The one suspension that has garnered the most media attention, as well as criticism, is Shawn Thornton’s 15-game suspension as a result of his slew-foot and subsequent blows to the head of Brooks Orpik, during an ugly game last week between Eastern conference heavy weights Boston and Pittsburgh. While the act was vicious and regrettable, as even Thornton admitted, it raised many questions about the widely varying length of suspensions handed down by NHL executive Brendan Shanahan and his Department of Player Safety. To be clear, Thornton has played the tough guy role in over 500 NHL games yet had never been suspended until this incident.

Without a doubt, the fact that Orpik sustained a concussion and was carted off on a stretcher created a heightened level of concern, as well as contributing to an image of the game that the NHL wants to eliminate. But when you start to compare suspensions, it doesn’t seem like a concussion, being strapped to a stretcher and visiting to the local hospital equates to a lengthy ban.

I hate to bring it up Blues fans, but Max Lapierre’s sickening hit from behind on San Jose’s Dan Boyle, which resulted in a serious concussion, gurney ride and hospital trip, earned him just a five game suspension. So why, for the same physical outcome from a play, did this result in a repeat offender getting tossed for five games while a first time offender received three times that? What’s the difference between Boyle’s concussion compared to Orpiks’?

The fact is the NHL needs to do something more to minimize brain-related injuries to their athletes. I would imagine Shanny and the guys in the Player Safety Department are aware of research going on about the seriousness of concussions and how it dramatically effects the quality of life for these guys after their playing days are over. And with a growing number of significant lawsuits brought by former professional athletes, including the recent suit brought against the NHL, who are all battling the effects of brain injuries sustained from hits like the ones mentioned above, this issue is only going to get bigger.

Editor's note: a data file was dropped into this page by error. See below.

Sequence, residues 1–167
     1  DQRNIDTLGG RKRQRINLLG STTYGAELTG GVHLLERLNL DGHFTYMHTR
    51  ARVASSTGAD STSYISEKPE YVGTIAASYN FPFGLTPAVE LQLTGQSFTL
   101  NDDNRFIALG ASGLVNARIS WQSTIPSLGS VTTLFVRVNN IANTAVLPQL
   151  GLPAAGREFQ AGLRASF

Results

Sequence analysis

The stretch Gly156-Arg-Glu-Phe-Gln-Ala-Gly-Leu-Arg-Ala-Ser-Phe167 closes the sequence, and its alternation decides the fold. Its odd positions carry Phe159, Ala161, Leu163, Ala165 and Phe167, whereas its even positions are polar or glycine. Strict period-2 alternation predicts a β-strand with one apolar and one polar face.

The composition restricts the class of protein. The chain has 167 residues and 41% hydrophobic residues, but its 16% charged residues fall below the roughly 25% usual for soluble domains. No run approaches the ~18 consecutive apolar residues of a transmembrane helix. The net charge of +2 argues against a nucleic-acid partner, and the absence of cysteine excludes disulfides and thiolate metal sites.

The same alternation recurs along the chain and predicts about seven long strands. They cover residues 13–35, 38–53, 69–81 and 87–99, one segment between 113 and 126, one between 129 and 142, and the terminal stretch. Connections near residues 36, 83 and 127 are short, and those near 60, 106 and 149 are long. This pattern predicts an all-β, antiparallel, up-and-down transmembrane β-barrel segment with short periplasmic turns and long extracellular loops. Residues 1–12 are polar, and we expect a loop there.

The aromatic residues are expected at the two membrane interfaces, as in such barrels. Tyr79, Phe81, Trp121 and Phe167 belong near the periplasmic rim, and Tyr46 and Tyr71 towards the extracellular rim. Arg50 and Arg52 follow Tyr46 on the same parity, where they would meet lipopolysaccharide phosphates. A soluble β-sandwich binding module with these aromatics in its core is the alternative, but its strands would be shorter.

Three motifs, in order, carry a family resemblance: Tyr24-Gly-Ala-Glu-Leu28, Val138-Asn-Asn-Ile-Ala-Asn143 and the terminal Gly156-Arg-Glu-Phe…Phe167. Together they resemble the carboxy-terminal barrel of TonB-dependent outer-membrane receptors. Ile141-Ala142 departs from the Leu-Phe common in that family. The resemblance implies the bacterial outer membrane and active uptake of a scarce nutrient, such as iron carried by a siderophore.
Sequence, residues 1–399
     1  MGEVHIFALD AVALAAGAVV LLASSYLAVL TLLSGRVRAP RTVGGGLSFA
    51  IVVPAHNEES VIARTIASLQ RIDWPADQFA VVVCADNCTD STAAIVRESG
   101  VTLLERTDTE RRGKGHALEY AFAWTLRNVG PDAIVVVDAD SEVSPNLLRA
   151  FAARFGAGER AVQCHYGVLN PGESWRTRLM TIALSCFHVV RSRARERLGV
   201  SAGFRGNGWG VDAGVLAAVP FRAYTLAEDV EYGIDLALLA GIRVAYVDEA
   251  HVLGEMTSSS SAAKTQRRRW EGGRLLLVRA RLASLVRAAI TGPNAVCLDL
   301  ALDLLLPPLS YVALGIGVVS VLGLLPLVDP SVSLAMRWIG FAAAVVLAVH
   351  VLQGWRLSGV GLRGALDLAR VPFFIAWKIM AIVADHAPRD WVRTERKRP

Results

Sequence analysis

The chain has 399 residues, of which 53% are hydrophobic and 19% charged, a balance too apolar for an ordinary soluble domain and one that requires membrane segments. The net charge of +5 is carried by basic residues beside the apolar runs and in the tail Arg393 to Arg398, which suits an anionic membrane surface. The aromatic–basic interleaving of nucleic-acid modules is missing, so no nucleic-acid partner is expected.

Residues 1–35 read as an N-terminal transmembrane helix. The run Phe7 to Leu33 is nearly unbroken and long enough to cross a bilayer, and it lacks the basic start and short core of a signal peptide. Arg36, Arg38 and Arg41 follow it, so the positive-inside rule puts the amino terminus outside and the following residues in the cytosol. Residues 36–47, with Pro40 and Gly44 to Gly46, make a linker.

So how does the league minimize the brain-related injuries?

Two game suspensions? $2500 fines for millionaires?

Sarcasm aside, the league is not taking a hard enough stance on the discipline for players who are taking embarrassing, brand-diminishing liberties against their opponents.

Bettman, Shanahan and all those involved need to take a real hard look at the consistency of suspensions, and provide some incentive for these guys to cut out the plays that can be summed up with the phrase ‘complete and utter lack of respect for your peers’ well being.’

I think hockey fans and league officials should get comfortable with the thought of 25 game suspensions and $500,000 fines for these head shots and ugly hits. Do you think if Lapierre gets a wage garnishment upwards of half his annual salary he would continue on with this behavior? Or if a guy like James Neal pulls some shenanigans (say a knee to the head of Brad Marchand) in November and is ineligible to suit up until February, that he may think twice next time?

At the end of the day, I know this is a physical, hard-nose sport that rewards toughness and guys who battle night in and night out. I’m aware that there have been dirty players and ugly hits for a long time, I can remember cursing at Ulf Samuelson and Darcy Tucker through the TV in my parent’s house while watching Hockey Night in Canada.

But just like everything and everyone in this world, we need to continue to evolve and constantly question our behavior, examining how we can improve as a society and make progress towards a more sustainable existence for all. This is true even for the NHL, particularly in the way the league approaches the long-term effects of brain injury. The idea of progressive evolution is one that I know even Neil deGrasse Tyson would agree with. And he’s wicked smaht.

Topics: Brendan Shanahan, Concussions, Dan Boyle, Max Lapierre, Shawn Thornton